The CASE Act: Now What?

While you may not have heard, the controversial Copyright Alternative in Small-Claims Enforcement Act (CASE Act) was passed and signed into law just days before Christmas as Hollywood’s version of coal in the stocking for millions of vulnerable Americans. If you are wondering how you missed such an important change to our nation’s copyright laws, go easy on yourself. It passed as part of a massive, year-end Covid relief bill with almost no public debate, and will still expose ordinary Americans to tens of thousands of dollars in damages, pose significant challenges to our Constitution, and be used to target schools, libraries and religious institutions. 

Though it is now signed into law, the lack of details and constitutionality questions could lead to the undoing of this well-intentioned, but poorly crafted bill.  

As things stand now, we know that the CASE Act:

1) Will make internet users and small businesses vulnerable 

Any American organization or individual—from small businesses to religious institutions to nonprofits—is subject to up to $30,000 in statutory damages per case for merely sharing a meme or posting a photo. These excessive penalties are the largest for any small claims proceeding in the U.S. and are 5 times the national average of other small claims courts and the equivalent to more than half the annual take-home pay for many Americans.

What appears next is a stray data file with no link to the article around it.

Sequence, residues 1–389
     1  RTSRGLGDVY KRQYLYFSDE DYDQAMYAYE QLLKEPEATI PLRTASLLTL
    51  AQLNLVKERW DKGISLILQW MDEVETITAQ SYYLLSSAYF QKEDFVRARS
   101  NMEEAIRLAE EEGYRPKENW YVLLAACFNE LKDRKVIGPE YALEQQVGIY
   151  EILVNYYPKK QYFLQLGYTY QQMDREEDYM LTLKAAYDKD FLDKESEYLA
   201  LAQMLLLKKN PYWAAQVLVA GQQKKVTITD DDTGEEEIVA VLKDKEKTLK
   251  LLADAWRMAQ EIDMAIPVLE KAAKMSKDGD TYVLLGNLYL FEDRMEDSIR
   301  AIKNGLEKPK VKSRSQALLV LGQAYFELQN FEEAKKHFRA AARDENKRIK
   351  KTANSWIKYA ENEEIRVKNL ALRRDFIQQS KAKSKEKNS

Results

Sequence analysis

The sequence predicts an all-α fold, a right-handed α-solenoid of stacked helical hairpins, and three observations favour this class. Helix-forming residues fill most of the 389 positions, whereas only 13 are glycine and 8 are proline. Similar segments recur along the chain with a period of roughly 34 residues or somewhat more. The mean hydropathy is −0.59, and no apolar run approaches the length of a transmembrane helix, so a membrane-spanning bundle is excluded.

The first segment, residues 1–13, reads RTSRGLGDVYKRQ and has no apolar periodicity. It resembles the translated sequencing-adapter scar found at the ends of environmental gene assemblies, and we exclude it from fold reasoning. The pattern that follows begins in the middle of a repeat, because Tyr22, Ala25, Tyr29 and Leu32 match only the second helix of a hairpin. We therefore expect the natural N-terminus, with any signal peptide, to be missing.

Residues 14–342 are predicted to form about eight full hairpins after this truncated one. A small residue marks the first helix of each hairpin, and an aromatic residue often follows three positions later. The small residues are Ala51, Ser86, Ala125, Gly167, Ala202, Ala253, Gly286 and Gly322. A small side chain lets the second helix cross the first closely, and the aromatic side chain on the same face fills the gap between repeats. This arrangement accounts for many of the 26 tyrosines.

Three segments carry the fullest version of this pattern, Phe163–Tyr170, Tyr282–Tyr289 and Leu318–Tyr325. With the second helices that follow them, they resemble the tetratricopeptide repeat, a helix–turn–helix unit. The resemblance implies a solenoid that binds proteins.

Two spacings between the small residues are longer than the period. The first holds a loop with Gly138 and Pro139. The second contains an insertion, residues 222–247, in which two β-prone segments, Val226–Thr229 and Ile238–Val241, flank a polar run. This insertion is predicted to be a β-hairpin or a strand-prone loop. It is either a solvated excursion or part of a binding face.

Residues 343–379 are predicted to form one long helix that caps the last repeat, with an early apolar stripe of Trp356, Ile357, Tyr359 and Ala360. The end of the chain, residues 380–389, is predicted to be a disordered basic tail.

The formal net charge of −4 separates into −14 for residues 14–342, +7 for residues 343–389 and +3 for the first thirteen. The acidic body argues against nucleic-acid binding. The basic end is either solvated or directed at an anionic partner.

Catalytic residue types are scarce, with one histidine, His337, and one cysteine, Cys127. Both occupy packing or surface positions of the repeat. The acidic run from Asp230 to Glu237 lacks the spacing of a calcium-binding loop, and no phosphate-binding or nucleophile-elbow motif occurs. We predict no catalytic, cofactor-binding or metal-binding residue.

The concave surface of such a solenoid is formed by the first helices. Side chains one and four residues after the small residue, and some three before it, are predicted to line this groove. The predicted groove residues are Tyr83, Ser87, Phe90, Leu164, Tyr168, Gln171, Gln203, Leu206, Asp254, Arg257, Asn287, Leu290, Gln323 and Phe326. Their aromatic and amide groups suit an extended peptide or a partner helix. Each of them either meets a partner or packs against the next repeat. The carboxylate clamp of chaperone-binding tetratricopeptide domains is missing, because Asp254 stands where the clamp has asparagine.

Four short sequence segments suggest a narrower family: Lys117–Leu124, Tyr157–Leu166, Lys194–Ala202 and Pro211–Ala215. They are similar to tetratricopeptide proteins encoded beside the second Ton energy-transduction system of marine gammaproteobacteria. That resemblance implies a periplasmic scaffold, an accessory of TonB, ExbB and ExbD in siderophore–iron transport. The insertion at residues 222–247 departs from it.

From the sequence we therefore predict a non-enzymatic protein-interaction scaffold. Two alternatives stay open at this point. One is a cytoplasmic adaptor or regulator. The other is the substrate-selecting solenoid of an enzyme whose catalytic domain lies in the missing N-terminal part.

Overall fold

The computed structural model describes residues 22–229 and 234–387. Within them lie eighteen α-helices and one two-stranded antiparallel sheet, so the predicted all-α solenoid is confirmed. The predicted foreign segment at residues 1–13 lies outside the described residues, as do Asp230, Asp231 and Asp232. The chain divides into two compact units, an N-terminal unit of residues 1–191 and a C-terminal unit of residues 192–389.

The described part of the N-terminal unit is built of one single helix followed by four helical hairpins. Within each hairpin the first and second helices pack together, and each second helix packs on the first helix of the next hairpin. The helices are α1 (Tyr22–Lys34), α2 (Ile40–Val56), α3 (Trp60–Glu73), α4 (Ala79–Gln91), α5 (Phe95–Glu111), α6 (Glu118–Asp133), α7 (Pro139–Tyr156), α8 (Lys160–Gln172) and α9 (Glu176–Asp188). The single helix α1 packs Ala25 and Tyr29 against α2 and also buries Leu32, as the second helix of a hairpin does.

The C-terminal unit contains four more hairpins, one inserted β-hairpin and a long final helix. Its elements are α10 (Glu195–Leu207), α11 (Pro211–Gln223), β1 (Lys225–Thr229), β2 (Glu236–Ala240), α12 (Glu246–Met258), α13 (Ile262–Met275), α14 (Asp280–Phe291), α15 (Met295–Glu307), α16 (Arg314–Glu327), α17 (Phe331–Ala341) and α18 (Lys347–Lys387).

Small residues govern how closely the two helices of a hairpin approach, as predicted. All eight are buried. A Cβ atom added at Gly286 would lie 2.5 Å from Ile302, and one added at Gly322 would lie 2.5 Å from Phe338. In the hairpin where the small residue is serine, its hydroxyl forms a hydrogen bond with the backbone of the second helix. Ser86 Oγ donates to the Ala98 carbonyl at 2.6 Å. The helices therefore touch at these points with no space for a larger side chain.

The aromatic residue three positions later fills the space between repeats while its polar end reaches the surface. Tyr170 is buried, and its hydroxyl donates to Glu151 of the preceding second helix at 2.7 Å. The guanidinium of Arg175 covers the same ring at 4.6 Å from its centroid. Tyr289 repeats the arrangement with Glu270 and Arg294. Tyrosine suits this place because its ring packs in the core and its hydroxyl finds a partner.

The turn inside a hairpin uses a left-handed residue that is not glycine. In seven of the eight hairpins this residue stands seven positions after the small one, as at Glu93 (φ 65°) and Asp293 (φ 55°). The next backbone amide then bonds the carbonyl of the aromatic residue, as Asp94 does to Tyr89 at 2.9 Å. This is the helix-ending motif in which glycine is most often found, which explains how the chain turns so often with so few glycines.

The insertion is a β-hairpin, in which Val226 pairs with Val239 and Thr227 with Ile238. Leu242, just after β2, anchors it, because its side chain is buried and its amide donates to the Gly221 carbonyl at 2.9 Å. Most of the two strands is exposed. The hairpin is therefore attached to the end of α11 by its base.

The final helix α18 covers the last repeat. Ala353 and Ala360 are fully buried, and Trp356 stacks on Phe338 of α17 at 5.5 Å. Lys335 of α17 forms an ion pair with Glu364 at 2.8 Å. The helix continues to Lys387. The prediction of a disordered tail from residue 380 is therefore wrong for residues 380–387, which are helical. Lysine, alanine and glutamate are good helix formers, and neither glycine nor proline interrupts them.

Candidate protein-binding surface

2) Will make it even easier than ever for copyright trolls to abuse the system and scare people into paying settlements they can’t afford

It will open up a path for copyright trolls to send threatening letters to extort settlements from individuals, small businesses, nonprofits, religious institutions and more who do not understand the Copyright Claims Board or the complexities of copyright law. Ordinary Americans will be intimidated by copyright trolls into settling without ever even going to the Copyright Claims Board.

3) Is unconstitutional and does not allow for the right of appeal

The bill creates a “small claims” judicial proceeding in the Copyright Office, waiving the Supreme Court upheld Seventh Amendment right to jury trials in copyright cases, and creates an unprecedented judicial function within the legislative branch that erodes over two centuries of separation of powers.

4) Is still widely misunderstood

American consumers, small businesses, nonprofits and religious institutions will be targeted for their lack of copyright law knowledge. Even if someone is acting in good faith and attempting to obtain permission before using a work, they may not be able to do so leaving them exposed to claims. Meanwhile, large companies and mass infringers will opt out because they understand copyright law, employ copyright attorneys and can act quickly and decisively.

5) Is confusing and fails to prescribe key details of the notification process 

For the overwhelming majority of Americans, it will take much longer than 60 days to understand the meaning of a CASE Act notice, figure out the merits and law around the alleged infringement and make a fair assessment of potential damages. In addition to being at risk for up to $30,000 in statutory damages, most defendants will need to hire an attorney at significant cost to determine their options, spending even more money.

Stay tuned for more from Re:Create as the implementation process moves forward under the looming and likely threat of a constitutional challenge. The question is not if, but when.